U-505 Submarine to Resurface June 5, 2005
CHICAGO, June 1, 2005 – The Museum of Science and Industry’s much anticipated U-505 Submarine exhibit officially opens to the public on Sunday, June 5. The new underground, climate-controlled exhibit will showcase the story of the German sub’s legendary capture in World War II. It will also explore technology and life aboard the vessel-now the world’s only remaining Type IX-C submarine and a National Historic Landmark.
Photo credit: Scott Brownell, Museum of Science and Industry
The new exhibit will offer multiple interactive units, nearly 200 artifacts, archival newspapers and photography, videos narrated by Bill Kurtis, radio transmissions, re-enactments of key events, dramatic artwork, as well as exciting testimonials from the veterans of Task Group 22.3 who made the remarkable capture.
"The new U-505 Submarine exhibit is a testimony to the strength, courage and leadership of the brave men and women who fought for the United States in World War II," said David Mosena, president and CEO of the Museum of Science and Industry. "This $35-million project to preserve, move and create an amazing new exhibit surrounding the U-505 is unparalleled in the Museum’s history and will captivate visitors of all ages. It would not have succeeded without the significant leadership gift from the McCormick Tribune Foundation, and the generous time and support of thousands who contributed to the project."
The exhibit begins by immersing guests into the history and milestones of World War II, Hitler’s drive for control and the Battle of the Atlantic. Guests will learn about the use of U-boats as a deadly tactic in keeping necessary supplies from the Allies. In 1942, the U-boats sank an incredible 1,150 Allied ships, sending thousands of men to their deaths and a staggering 7.8 million tons of vital war supplies to the bottom of the Atlantic.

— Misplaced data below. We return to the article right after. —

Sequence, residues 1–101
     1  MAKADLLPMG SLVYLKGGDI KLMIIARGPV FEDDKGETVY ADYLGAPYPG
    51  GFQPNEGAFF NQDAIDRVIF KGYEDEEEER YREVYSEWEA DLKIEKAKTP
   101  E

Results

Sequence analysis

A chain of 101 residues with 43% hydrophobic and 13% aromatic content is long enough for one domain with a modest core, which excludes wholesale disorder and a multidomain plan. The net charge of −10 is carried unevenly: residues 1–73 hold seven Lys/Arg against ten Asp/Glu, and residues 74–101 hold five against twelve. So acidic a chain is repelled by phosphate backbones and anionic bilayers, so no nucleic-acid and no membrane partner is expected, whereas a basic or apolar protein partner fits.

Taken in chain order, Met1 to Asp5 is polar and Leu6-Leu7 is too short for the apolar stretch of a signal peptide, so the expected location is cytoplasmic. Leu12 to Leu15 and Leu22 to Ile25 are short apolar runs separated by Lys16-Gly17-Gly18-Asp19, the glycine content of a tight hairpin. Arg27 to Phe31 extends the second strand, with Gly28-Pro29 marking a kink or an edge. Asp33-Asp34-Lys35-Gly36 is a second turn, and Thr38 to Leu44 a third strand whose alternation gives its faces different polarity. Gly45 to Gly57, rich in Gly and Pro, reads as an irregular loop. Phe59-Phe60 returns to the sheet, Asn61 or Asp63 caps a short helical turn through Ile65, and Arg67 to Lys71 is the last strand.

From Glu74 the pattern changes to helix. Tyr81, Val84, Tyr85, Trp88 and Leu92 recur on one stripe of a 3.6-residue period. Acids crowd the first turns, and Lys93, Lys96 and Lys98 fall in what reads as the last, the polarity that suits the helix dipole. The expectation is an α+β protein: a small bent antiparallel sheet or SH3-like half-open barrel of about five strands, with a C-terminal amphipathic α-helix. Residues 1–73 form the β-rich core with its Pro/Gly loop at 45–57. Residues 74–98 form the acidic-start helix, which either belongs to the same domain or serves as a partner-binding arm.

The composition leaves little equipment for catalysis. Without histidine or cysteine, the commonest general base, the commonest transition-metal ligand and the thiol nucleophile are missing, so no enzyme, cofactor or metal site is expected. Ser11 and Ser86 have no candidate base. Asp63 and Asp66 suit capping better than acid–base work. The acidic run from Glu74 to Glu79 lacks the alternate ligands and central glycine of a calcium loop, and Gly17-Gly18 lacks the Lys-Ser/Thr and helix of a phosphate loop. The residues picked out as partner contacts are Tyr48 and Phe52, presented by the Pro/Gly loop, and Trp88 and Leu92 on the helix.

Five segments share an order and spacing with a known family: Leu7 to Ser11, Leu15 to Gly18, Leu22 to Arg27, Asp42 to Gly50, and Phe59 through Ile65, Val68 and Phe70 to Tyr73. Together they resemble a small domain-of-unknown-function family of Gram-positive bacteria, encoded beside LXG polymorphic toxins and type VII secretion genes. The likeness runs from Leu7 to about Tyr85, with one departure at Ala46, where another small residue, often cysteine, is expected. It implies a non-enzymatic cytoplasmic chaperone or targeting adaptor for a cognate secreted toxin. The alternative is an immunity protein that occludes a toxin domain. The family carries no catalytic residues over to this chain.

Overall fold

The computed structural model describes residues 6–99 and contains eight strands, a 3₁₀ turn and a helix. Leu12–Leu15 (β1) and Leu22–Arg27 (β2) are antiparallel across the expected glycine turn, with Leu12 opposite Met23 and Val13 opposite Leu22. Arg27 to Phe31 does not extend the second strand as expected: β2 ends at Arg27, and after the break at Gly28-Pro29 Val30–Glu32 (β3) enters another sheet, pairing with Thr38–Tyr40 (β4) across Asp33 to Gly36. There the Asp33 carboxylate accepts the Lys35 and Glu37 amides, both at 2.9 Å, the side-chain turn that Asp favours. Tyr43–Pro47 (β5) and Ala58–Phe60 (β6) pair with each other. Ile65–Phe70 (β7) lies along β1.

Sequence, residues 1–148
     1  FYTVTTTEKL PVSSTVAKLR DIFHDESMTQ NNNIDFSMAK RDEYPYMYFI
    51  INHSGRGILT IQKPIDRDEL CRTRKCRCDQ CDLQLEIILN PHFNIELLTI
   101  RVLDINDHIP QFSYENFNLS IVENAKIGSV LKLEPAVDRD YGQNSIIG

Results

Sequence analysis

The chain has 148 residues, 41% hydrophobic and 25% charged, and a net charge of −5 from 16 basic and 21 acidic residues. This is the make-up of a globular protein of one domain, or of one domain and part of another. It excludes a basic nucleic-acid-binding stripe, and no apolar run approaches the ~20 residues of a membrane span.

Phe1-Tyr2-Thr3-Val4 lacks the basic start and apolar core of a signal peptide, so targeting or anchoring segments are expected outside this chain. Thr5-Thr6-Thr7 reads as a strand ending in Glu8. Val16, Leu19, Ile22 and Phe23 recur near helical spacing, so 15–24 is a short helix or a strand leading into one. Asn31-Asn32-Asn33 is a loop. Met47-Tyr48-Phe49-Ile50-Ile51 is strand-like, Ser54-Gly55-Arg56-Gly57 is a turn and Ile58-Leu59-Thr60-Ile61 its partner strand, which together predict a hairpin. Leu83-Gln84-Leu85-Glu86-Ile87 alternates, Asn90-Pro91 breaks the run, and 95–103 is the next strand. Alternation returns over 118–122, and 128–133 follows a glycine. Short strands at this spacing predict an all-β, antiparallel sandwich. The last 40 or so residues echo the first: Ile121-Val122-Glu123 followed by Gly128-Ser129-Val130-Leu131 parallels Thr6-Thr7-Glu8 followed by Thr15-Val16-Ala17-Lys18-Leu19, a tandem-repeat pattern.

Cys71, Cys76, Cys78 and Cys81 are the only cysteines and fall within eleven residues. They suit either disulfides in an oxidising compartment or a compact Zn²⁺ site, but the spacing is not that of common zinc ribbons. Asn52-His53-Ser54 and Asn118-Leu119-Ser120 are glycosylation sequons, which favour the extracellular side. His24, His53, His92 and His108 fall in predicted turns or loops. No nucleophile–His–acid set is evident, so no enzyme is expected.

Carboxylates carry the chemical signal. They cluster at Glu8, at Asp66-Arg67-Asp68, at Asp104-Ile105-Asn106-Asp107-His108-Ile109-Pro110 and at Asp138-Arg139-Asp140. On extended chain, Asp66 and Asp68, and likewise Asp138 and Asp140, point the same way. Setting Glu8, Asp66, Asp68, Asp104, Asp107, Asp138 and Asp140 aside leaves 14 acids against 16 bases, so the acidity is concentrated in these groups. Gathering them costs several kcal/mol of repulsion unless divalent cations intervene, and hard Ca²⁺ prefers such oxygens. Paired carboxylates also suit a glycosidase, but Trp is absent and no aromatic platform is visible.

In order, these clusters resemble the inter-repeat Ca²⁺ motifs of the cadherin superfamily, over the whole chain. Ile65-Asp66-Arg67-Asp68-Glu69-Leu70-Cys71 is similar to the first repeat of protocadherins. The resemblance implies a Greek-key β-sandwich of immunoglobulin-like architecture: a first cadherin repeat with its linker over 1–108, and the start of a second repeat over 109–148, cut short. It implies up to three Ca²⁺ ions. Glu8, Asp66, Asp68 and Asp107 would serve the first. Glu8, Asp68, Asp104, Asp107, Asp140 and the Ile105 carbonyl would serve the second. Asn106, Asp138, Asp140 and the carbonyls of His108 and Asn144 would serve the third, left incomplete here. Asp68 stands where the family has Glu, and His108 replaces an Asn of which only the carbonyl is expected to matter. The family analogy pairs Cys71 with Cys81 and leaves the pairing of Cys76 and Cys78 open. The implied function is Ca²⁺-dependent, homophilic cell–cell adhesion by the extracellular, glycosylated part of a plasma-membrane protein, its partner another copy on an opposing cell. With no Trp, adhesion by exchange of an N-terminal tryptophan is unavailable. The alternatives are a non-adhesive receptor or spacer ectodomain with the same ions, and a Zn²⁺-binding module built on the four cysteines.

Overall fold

Early in 1943, the Allies faced a simple choice: come up with a plan to defeat the U-boats or risk losing the war. Small task groups were formed, usually consisting of one small escort aircraft carrier and four or five destroyer escorts. As guests navigate the exhibit they are introduced to Navy Captain Daniel Gallery, a Chicagoan, who led one of these groups, Hunter-Killer Task Group 22.3. Gallery was determined not only to find a German U-boat as it was prowling the dangerous seas, but also to capture and bring it back for its wealth of intelligence information.
Guests will then encounter a secret tracking room that was staffed heavily by the WAVES: Women Accepted for Volunteer Emergency Service. Here the battle against the U-boats played out like a giant chess game-a game with real and deadly consequences. With the WAVES’ help, Gallery and his crew learned of their close proximity to the U-505 and went in for the capture. These powerful images and stories, combined with dramatic surround-sound sound effects, all lead up to the exciting moment where guests will turn a corner and come in direct contact with the 252-foot, 700-ton sub!